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Jeff CertainCommented:
I don't know anything about using binary data. However, I'd argue that your data really isn't "secure" if all you're doing is changing the format.

I've used SHA and MD5 to hash passwords -- I usually add a random-length salt and a checksum. I'd be happy to provide the code to do this, if you'd like.
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MOA81Author Commented:
I guess this is the code you are talking about (its in C# but the idea counts)

private void cmdUserCreate_Click(object sender, System.EventArgs e)
{
// Create a connection
string strConnectionString;
strConnectionString = "Connection String";
SqlConnection ConnObj = new SqlConnection(strConnectionString);

//Create a command object for the query
string SQLstring ;
SQLstring = "INSERT INTO UsersList(Username,Password) VALUES(@Username, @Password)";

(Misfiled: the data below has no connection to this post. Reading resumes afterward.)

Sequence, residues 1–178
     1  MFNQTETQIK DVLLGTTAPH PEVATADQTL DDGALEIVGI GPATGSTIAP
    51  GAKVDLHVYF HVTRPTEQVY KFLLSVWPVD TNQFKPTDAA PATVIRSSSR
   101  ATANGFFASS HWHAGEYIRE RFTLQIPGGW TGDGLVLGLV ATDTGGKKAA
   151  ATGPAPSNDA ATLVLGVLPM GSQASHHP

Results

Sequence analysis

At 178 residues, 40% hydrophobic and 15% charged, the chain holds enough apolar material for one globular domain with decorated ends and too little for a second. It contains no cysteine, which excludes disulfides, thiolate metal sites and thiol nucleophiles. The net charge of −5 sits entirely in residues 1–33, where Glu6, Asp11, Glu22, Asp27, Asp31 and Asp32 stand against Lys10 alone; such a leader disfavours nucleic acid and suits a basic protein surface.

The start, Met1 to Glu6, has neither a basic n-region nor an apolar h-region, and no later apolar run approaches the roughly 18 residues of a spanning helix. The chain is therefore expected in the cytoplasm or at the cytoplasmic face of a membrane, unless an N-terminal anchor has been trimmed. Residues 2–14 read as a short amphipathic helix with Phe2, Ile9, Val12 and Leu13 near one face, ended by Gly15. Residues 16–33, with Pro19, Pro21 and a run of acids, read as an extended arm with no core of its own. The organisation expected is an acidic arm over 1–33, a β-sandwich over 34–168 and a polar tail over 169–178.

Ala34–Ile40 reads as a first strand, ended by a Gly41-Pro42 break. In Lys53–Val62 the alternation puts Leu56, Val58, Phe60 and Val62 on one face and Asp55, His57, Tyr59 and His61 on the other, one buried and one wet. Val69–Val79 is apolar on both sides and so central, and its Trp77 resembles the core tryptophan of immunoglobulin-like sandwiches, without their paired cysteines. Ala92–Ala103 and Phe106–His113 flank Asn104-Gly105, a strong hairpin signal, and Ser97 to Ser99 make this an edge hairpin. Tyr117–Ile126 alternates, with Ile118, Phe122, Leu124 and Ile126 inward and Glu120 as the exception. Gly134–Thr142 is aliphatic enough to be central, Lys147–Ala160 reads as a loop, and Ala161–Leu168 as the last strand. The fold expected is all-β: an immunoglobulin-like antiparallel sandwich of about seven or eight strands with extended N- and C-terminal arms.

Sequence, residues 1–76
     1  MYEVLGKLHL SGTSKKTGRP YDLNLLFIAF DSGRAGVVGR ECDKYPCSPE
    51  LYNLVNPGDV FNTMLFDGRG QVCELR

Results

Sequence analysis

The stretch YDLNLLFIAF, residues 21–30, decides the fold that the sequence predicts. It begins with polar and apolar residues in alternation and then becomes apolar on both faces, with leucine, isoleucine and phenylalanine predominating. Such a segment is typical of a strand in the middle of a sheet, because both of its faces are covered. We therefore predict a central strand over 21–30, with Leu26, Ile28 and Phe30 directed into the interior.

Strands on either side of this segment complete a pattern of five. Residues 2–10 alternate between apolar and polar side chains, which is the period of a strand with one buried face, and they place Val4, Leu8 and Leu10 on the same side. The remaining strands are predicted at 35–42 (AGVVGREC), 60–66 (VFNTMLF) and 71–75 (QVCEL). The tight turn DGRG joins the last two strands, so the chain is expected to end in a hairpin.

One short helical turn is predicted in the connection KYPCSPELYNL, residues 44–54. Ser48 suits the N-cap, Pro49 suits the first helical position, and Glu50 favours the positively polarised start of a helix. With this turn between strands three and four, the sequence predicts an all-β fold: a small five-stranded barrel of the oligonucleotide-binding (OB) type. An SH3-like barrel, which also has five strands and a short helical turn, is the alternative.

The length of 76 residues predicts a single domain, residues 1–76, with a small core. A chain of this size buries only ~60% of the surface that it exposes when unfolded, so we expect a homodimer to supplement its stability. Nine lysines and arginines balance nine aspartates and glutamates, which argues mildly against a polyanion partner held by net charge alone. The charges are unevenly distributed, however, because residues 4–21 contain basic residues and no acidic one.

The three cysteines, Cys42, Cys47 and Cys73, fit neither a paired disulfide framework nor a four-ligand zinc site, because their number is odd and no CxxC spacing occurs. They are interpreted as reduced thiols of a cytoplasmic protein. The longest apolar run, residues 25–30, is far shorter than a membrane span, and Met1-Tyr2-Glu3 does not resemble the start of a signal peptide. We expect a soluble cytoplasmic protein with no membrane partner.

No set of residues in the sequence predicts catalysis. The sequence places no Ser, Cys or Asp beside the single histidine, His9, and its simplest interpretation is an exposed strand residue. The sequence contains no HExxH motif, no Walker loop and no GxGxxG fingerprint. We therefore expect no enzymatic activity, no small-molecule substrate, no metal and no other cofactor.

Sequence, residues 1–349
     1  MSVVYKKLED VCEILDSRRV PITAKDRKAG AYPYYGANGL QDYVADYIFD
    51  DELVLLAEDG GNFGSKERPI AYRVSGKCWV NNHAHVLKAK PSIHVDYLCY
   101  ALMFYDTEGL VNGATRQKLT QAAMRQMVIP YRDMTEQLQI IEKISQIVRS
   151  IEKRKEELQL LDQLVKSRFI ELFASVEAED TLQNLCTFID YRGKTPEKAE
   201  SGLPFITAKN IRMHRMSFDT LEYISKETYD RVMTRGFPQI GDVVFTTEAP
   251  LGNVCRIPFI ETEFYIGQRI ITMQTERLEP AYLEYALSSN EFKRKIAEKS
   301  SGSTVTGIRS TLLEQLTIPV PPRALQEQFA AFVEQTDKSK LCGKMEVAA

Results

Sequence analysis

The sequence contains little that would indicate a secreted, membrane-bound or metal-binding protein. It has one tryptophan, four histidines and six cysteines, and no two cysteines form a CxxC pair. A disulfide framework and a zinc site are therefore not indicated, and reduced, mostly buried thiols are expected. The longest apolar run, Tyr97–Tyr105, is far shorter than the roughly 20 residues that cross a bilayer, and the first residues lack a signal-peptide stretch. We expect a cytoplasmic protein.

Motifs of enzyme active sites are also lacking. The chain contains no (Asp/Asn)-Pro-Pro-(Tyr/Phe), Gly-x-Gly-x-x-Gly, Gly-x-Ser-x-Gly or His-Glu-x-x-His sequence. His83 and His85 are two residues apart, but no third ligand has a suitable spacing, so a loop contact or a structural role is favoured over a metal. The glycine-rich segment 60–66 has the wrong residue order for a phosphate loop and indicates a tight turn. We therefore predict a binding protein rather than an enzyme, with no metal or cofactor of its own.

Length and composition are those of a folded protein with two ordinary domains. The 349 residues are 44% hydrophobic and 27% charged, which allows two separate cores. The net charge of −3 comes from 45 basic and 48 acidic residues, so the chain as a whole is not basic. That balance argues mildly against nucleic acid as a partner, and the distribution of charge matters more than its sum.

SqlCommand ObjCmd = new SqlCommand(SQLstring,ConnObj);

//Create User parameter
SqlParameter UserParameter = new SqlParameter("@Username",SqlDbType.VarChar, 50);
UserParameter.Value = txtUsername.Text;
ObjCmd.Parameters.Add(UserParameter);

//Encrypt the Password
MD5CryptoServiceProvider md5Hash  = new MD5CryptoServiceProvider();
byte[] hashedBytes;
UTF8Encoding encoder  = new UTF8Encoding();
hashedBytes = md5Hash.ComputeHash(encoder.GetBytes(txtPassword.Text));

//Create Password Parameter
SqlParameter PasswordParameter = new SqlParameter("@Password",SqlDbType.Binary, 50);
PasswordParameter.Value = hashedBytes;
ObjCmd.Parameters.Add(PasswordParameter);
ConnObj.Open();
ObjCmd.ExecuteNonQuery();
ConnObj.Close();
}

-------------------------